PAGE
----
Kids gaming platform most recently , has reached a new milestone of 90 million monthly active users, the company on Sunday. That’s up from the 70 million monthly actives it at its last funding round — a $150 million Series F announced last fall. The sizable increase in users is credited to Roblox’s international expansion efforts, and particularly its more recent support for the French and German languages. The top 150 games that run on the Roblox platform are now available in both languages, along with community moderation, customer support and parental resources. The gaming company also has been steadily growing as more kids join after hearing about it from friends or seeing its games played on YouTube, for example. , it has become a place that kids go to “hang out” online even when not actively playing. The games themselves are built by third-party creators, while Roblox gets a share of the revenue the games generate from the sale of virtual goods. In 2017, Roblox paid out $30 million to its creator community, and later said that in 2018. It says that players and creators now spend more than a billion hours per month on its platform. Roblox’s growth has not been without its challenges, however. Bad actors last year subverted the game’s protections to — a serious problem for a game aimed at kids, and a PR crisis, as well. But the company addressed the problem by quickly securing its platform to prevent future hacks of this kind, apologized to parents, banned the hackers and soon after a “digital civility initiative” as part of its broader push for online safety. Months later, International expansion was part of the plan when Roblox chose to raise additional funding, despite already being . As CEO David Baszucki explained last fall, the idea was to create “a war chest, to have a buffer, to have the opportunity to do acquisitions,” and “to have a strong balance sheet as we grow internationally.” The company soon made good on its to-do list, in October 2018 when it picked up the app performance startup, PacketZoom. It also followed Minecraft’s footsteps , and has since been working to make its service available to a global base of users. On that front, Roblox says Europe has played a key role, with millions of users and hundreds of thousands of game creators — like those behind the Roblox games “Ski Resort” (Germany), “Crash Course” (France) and “Heists 2 (U.K.). In addition to French and German, Roblox is available in English, Portuguese and Spanish, and plans to support more languages in the coming months, it says. But the company doesn’t want to face another incident or PR crisis as it moves into new countries. On that front, Roblox is working with digital safety leaders in both France and Germany, as part of its Digital Civility Initiative. In France, it’s working with e-Enfance; and in Germany, it’s working with Unterhaltungssoftware Selbstkontrolle (USK). Roblox also added USK’s managing director, Elisabeth Secker, to the company’s . “We are excited to welcome Roblox as a new member to the USK and I’m honored to join the company’s Trust & Safety Advisory Board,” said Elisabeth Secker, Managing Director of the Entertainment Software Self-Regulation Body (USK), in a statement. “We are happy to support Roblox in their efforts to make their platform not only safe, but also to empower kids, teens, and parents with the skills they need to create positive online experiences.”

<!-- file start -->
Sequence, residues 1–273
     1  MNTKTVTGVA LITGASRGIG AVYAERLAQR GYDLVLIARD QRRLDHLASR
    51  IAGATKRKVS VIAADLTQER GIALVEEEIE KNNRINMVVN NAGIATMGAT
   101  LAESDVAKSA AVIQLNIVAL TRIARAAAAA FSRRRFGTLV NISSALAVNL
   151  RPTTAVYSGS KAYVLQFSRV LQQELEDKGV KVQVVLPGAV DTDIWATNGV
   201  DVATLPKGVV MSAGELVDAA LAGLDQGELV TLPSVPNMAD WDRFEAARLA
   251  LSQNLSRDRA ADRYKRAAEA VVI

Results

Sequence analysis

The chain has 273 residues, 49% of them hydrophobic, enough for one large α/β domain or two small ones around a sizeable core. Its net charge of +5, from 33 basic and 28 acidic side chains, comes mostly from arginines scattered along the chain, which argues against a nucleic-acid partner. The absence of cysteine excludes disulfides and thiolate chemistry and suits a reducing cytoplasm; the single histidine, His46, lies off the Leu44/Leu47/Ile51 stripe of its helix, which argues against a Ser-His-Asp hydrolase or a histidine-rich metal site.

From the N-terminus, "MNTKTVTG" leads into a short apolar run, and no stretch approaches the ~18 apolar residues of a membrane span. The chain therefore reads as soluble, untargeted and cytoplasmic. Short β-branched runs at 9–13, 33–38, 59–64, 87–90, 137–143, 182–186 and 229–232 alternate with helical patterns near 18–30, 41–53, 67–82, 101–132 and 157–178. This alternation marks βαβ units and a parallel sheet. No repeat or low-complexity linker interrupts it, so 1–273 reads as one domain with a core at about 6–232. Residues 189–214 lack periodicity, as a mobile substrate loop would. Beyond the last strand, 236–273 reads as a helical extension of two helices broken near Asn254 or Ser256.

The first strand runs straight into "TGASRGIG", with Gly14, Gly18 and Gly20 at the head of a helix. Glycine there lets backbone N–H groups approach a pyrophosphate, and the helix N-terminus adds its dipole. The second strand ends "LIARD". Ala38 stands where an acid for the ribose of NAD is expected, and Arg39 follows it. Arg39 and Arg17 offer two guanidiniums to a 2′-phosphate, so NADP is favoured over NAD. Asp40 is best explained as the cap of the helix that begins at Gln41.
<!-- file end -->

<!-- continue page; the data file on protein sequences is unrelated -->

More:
It’s been a strange summer for Steam. Since the implementation of the last year, the service has seen a tidal wave of new, largely unfiltered content, much of which has proved to be controversial,, or in a couple of cases, . Steam’s moves to curate its new releases have been unfocused, inconsistent, and/or simply nonexistent, finally settling on the principle, as they stated in a blog post in June, that they “.” In the same blog post, Steam’s representatives promised that new tools were in the works to help users filter their experience in the storefront, and to help cut down on trolls, scammers, and other bad-faith users of the Steam publication process. This included a rework to how the system worked, where games would no longer automatically receive card sets until they This addressed an exploit where players would generate “fake” games in order to farm them for trading cards with bot accounts, which could then be redeemed for , coupons, and other items, many of which could be traded for real money on the Steam Marketplace. On Wednesday, Valve provided a to the community. The company has introduced a number of methods to make it easier for users to explore Steam, such as , a rework (in July) to how its worked, and provided more and better options for you to filter the types of content you can see when randomly browsing the store. One big change here is that you can now tick a series of boxes in your account settings that determines what you are and are not willing to see on Steam, based upon not only the general age rating, but the type of content involved. For example, I unchecked the box on my personal Steam account for nudity and sexual content, so now, when I go to search for Funcom’s survival game Conan Exiles, which is notorious in certain circles for not only frequent but intensely customizable nudity, I simply can’t see its store page at all. A screenshot from the author’s personal Steam account. Steam now also requires publishers of games that feature mature content to go into detail about the type and context of that content (i.e. Left 4 Dead 2 being listed as featuring not just explicit violence, but “decapitation and dismemberment of zombie-like creatures”), in order to assist players in determining whether or not a game is suitable for them. Previously, a game’s Steam page would typically only hint at whatever the game might actually contain, through marketing copy and a handful of keywords; now, a consumer should know exactly what they’re in for before they purchase a game. What’s likely going to be the most controversial part of these changes, however, is Steam’s ongoing attempts to remove “bad actors” from its storefront. They describe a relatively small population of would-be developers that are simply out to release titles with which to troll Steam’s userbase, but then remain vague on what precisely fits their internal definition of trolling. “Our review of something that may be ‘a troll game’ is a deep assessment that actually begins with the developer,” Valve wrote on its blog. “We investigate who this developer is, what they’ve done in the past, their behavior on Steam as a developer, as a customer, their banking information, developers they associate with, and more. All of this is done to answer the question ‘who are we partnering with and why do they want to sell this game?’ We get as much context around the creation and creator of the game and then make an assessment. A trend we’re seeing is that we often ban these people from Steam altogether instead of cherry-picking through their individual game submissions. In the words of someone here in the office: ‘it really does seem like bad games are made by bad people.'” In other words, they know trolls when they see them. It’s an open-ended declaration that seems guaranteed to cause some problems, just as soon as a given issue comes down to a matter of interpretation. As for the issue of sales bloat and a lack of curation on Steam, Valve currently remains quiet. The new systems they announced are in place on Steam accounts as of this writing, but the store is still flooded with new games every week, and Valve still considers it, for the time being, the community’s job to police their storefront.